I was among the first shooting enthusiasts anywhere to put the XM8 to the test. That’s thanks to good fortune — and my job as an editor at Army Times Publishing Co. and organizer of the annual “Shoot-out at Blackwater” weapons-testing event in North Carolina.

    I really like this weapon — and soldiers do, too — but it looks as though it’ll be years before it makes its way to Marines.

    The XM8 already underwent arctic testing with the Army in February and is now in the hands of troops in Alaska. Jungle testing in the tropics (probably in Panama) is slated for June. The weapon will be put through a final workout in the desert — probably Yuma Proving Ground in Arizona — immediately after that.

    The Infantry Center, at Fort Benning, Ga., is in the early stages of an eight-week assessment of the XM8 to see how the first prototypes of the weapon meet the small-arms needs of the Army.

    In addition to soldiers, the weapons have been put into the hands of a 10-man Marine team. But the Marines are just looking, according to the latest word from officials at Marine Corps Systems Command in Quantico, Va.

    Last week, the Marines from Quantico arrived at Benning to spend the week observing the Army trials.

    The Air Force and Coast Guard also are expected to evaluate the weapon later.

    The Marine observers — armorers, weapons maintainers and trigger pullers among them — are assigned to the Weapons Training Battalion at Quantico.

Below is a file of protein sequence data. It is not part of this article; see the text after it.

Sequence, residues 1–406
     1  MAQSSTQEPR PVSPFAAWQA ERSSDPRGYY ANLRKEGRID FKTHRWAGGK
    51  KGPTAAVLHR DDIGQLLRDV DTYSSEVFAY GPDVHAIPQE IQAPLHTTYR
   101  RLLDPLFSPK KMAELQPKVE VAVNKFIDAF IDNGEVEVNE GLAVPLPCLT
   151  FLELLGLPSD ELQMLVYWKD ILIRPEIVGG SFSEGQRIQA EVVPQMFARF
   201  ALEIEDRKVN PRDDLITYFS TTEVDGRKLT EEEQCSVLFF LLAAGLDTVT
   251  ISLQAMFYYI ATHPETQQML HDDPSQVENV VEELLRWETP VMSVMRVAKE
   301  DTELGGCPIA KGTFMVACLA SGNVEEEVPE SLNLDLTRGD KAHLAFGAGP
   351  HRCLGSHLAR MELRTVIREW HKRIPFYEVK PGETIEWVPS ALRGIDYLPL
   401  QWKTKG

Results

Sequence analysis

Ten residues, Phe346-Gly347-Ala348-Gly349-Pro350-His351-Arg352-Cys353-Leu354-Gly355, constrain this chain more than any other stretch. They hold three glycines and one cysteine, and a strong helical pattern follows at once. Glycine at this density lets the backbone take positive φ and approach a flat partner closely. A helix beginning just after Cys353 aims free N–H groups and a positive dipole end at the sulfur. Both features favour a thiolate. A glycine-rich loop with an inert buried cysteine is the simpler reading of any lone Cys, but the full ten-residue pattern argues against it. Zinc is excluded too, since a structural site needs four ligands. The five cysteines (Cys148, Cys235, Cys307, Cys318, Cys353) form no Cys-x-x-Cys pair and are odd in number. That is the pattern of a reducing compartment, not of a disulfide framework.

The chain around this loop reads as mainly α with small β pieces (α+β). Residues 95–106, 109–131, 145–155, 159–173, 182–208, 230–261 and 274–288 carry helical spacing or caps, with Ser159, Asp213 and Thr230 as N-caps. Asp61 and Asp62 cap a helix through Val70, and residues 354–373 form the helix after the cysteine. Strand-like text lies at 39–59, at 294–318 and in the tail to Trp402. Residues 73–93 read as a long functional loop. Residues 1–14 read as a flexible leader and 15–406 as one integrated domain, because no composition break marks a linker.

When Marine Corps Times first heard the Marines had landed at Benning, it looked as though XM8s might soon be making their way to the Corps. But that’s not so, Systems Command officials said.

    “I would say the thing that we are most interested in is the ‘tailorability’ of the entire system. ... That’s probably … what I’m the most interested in,” said Lt. Col. Brent Smith, director of infantry weapons programs at Systems Command.

    “If you look at our system right now, we’ve got a lot of different weapons made by a lot of different individuals, and they’re all great weapons, don’t get me wrong, but the idea of having a single ‘tailorable’ platform looks like — in the long run — it may save money and be more effective,” he said.

    But, “since we’re buying M16A4s out through 2008, the M16A4 will be the service rifle for a good long time to come.” he explained.

    So far, all testing of the XM8 has been open to the press. But the senior leadership at Benning decided to deny access to reporters to ensure an unbiased assessment environment, free from outside distractions, said Rich McDowell, a Benning spokesman.

    The Army remains mum about how tests are going, but program officials with manufacturer Heckler & Koch Defense Inc., prime contractor for the weapon, are confident the XM8s will measure up to the challenges of the environmental testing.

    They’re so confident that they invited hundreds of journalists writing for defense, firearms and related publications to put three XM8 variants to the test during the annual SHOT Show here.

    On Feb. 11, about 120 firearms specialists gathered at the Las Vegas Police Department firing range to try out the new weapons.

    I was privileged to be the first journalist to fire the baseline carbine model of the XM8. I don’t say that lightly. Two colleagues and I tried to find things that weren’t quite right with the weapon’s design and functioning, but failed on both accounts.

    Here are eight cool things shooters will like about the XM8: